U.K. Business Lending Forecast to Shrink Until 2019, EY Saysby
Financial services outlook hurt by post-Brexit vote economy
Stock of company loans seen falling to lowest since 2005
Business loans in the U.K. will shrink to the lowest in more than a decade in the next couple of years as weaker economic prospects in the aftermath of the vote to leave the European Union damp demand, according to the EY ITEM Club.
Total lending to companies will contract 1.8 percent next year and another 1 percent in 2018 before finally recovering the following year, the organization said in a report released on Monday. By then, the total stock of business loans will have dropped to 376 billion pounds ($497 billion), the lowest since 2005, EY said.
The outlook adds to a picture of gloom that may prompt Bank of England policy makers to add stimulus this week, possibly including the revival of a program to spur lending to companies. Almost all economists surveyed by Bloomberg predict an interest-rate cut on Thursday, when officials will present new forecasts.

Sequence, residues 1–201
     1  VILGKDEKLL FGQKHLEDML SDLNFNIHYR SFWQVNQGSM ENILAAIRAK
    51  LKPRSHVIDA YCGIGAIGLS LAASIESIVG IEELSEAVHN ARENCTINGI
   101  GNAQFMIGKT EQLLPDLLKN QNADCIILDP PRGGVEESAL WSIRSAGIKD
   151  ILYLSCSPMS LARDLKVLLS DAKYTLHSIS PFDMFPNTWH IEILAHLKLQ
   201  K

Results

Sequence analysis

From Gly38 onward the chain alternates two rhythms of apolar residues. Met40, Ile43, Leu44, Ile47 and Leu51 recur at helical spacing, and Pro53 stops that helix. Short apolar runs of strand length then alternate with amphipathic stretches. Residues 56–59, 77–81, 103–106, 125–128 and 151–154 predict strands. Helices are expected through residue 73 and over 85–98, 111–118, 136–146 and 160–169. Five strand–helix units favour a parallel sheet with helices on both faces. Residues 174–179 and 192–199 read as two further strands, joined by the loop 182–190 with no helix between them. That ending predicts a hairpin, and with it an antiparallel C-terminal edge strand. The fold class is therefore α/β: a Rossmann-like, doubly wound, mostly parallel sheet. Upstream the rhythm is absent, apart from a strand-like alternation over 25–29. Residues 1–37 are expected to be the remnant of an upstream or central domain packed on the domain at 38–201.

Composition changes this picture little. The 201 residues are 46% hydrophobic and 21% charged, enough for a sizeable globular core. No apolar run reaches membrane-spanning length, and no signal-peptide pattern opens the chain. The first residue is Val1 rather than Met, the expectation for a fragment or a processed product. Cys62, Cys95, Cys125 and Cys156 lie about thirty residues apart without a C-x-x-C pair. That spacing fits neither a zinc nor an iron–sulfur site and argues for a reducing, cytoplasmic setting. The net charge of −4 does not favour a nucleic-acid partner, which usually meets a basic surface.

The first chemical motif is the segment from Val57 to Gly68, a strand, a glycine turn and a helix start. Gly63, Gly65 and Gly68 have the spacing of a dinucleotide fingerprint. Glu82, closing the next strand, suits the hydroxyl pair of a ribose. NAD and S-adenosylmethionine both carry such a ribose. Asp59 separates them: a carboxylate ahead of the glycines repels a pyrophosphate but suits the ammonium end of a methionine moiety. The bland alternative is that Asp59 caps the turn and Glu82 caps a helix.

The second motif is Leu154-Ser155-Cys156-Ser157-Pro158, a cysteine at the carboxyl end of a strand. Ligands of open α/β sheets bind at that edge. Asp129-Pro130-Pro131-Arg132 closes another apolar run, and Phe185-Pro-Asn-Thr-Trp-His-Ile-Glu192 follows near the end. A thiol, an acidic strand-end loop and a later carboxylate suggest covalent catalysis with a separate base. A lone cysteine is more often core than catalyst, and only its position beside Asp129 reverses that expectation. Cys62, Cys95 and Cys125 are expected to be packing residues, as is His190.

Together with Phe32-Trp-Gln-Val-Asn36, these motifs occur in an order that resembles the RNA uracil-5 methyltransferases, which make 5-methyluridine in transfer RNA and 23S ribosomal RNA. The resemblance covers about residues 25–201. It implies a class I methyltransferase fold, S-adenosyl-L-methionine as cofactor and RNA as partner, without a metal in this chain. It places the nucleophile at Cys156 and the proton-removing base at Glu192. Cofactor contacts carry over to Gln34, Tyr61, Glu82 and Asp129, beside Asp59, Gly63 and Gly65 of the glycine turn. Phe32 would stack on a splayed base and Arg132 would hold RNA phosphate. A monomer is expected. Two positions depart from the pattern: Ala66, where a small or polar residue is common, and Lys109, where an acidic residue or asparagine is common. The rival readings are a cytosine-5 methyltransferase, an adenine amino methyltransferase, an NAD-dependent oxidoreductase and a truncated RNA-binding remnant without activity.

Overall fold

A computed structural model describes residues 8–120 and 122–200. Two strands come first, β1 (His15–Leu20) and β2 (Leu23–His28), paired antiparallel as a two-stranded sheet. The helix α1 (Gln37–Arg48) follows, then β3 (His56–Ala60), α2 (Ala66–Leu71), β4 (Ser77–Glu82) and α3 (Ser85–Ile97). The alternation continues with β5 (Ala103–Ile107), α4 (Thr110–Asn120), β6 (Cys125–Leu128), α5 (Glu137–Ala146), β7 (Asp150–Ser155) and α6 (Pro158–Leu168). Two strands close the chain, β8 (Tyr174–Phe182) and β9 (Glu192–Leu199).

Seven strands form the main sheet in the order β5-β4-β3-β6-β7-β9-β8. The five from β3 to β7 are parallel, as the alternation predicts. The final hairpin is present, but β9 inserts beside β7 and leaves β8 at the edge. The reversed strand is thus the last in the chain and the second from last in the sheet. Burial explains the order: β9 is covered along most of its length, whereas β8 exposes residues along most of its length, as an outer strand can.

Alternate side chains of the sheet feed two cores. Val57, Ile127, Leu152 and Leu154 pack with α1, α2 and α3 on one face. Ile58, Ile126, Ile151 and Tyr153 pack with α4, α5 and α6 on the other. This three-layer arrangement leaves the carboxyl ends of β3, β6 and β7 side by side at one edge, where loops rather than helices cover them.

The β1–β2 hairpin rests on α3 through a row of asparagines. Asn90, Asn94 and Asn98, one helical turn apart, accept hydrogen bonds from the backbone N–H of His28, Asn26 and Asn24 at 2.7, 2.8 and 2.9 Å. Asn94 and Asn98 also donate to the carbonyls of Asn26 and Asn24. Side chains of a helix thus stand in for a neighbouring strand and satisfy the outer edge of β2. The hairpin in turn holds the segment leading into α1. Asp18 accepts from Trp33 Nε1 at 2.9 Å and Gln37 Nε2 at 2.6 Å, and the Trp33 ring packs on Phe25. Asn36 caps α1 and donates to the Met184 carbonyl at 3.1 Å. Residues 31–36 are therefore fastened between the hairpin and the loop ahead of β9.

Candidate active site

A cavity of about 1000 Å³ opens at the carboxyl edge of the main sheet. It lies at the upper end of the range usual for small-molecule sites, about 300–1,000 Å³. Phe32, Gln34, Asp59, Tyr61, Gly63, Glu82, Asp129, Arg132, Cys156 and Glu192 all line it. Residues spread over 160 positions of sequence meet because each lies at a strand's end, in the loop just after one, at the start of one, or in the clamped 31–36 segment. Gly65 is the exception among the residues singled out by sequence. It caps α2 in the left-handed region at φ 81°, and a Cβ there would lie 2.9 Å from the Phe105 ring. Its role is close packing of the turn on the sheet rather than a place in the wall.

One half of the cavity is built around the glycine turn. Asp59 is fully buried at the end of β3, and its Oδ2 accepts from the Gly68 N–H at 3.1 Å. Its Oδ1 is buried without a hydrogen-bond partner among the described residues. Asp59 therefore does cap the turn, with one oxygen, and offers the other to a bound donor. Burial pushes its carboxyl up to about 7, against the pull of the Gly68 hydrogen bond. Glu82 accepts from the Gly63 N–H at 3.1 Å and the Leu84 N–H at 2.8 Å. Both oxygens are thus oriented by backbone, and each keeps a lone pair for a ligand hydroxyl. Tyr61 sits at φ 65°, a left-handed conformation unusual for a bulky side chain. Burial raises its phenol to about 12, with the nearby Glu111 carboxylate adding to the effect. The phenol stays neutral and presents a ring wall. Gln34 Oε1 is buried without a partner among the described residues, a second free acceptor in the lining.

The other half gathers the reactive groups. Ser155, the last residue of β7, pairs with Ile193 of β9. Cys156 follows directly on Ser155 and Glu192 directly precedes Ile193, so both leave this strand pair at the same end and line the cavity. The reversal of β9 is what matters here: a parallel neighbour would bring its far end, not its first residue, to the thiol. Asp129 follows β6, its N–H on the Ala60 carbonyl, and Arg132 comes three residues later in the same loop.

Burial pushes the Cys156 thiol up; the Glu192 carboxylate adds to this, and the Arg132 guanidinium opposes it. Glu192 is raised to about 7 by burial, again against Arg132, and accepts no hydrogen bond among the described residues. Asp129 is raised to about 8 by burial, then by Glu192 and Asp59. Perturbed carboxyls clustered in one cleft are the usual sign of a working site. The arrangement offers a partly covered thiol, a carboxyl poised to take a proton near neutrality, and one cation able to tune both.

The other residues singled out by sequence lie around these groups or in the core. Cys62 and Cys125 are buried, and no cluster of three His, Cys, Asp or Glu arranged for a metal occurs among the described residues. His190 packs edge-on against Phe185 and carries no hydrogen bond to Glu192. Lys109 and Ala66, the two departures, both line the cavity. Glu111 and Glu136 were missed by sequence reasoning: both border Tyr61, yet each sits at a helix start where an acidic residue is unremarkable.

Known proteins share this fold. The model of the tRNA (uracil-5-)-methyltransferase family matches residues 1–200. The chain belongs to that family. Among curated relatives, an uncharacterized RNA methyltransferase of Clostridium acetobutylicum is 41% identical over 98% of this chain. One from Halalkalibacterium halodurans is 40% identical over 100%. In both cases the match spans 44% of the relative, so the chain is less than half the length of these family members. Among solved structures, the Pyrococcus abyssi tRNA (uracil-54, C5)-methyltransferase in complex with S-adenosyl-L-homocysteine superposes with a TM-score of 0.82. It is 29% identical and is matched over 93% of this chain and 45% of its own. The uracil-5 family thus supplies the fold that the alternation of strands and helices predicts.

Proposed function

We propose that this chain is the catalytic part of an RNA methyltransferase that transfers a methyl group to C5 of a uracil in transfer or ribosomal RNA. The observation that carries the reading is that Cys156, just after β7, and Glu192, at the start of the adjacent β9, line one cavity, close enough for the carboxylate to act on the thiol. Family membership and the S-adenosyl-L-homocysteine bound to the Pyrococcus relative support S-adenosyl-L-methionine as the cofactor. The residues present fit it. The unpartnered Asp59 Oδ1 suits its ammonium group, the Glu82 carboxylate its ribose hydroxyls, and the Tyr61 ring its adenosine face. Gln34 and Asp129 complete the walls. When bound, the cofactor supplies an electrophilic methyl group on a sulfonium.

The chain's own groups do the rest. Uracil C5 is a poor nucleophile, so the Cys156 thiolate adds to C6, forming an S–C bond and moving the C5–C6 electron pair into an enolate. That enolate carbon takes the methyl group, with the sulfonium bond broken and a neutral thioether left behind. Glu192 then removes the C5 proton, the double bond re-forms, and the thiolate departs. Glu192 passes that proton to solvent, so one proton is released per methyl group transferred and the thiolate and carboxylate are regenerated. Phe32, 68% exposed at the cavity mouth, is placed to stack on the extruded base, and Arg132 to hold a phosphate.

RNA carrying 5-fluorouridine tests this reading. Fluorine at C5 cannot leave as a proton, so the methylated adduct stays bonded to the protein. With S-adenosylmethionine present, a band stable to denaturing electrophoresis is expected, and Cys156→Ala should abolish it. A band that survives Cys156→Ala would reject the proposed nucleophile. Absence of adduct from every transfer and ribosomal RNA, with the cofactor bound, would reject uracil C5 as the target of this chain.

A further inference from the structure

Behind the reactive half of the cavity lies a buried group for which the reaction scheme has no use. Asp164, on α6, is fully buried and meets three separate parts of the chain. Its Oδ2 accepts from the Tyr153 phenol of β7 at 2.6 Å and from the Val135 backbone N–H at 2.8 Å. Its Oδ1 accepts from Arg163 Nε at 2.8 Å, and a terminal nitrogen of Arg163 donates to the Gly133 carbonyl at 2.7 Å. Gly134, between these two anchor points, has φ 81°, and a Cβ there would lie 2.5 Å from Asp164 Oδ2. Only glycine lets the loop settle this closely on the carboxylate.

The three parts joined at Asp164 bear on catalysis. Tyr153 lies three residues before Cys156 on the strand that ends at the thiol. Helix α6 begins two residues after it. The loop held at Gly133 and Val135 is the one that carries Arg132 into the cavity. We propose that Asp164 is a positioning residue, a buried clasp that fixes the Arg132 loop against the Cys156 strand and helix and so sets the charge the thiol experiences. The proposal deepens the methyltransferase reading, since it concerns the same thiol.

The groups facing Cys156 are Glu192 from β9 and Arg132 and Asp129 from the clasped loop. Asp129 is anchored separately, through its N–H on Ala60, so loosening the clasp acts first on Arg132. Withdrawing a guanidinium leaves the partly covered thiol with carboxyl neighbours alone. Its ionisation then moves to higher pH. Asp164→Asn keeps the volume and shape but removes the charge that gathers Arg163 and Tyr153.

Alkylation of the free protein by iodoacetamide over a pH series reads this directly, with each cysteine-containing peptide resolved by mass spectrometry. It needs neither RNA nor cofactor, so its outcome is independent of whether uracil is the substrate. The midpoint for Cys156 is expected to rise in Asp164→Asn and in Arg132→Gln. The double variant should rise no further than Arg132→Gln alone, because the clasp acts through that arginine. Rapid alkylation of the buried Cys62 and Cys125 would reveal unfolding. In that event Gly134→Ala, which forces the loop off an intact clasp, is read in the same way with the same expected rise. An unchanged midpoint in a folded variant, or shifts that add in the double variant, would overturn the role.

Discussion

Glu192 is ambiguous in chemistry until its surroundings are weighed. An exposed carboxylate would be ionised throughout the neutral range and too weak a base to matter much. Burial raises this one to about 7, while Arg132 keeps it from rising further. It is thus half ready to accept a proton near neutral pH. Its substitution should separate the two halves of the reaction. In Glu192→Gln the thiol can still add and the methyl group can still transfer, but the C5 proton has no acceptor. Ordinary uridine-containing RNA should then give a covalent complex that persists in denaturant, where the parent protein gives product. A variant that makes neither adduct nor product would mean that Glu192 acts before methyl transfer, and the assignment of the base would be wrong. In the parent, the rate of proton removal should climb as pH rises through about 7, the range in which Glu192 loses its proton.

“Whilst banks are still willing to lend, there is a strong sense of ‘wait and see’ from business and consumers as they await details of what Brexit will look like in reality,” said Omar Ali, U.K. financial services managing partner at EY. “Mortgages and consumer credit are still forecast to grow, albeit slower than before, and business lending is going to shrink slightly.”
Mortgage lending will expand by an annual average of less than 1 percent over the next three years, a third of the pace in 2015, EY said. Car registrations will fall in 2017 for the first time in six years, it said.
Assets at fund managers will increase by only 1.5 percent a year through 2019, down from 7.7 percent in 2015, and general insurance premium income will rise by 0.8 percent next year, down from 2.8 percent last year, EY predicted.
“Consumers and businesses are going to think twice before they borrow, and be careful about what they invest in,” Ali said. “But this economic environment isn’t that different from what the industry has been contending with over the past eight years of change and challenge.”